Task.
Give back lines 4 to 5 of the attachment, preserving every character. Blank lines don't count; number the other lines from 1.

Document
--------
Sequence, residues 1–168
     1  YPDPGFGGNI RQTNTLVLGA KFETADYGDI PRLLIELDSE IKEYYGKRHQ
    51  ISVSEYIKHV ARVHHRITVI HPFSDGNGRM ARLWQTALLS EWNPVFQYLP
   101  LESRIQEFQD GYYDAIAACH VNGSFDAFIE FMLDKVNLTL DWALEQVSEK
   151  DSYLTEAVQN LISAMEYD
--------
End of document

   101  LESRIQEFQD GYYDAIAACH VNGSFDAFIE FMLDKVNLTL DWALEQVSEK
   151  DSYLTEAVQN LISAMEYD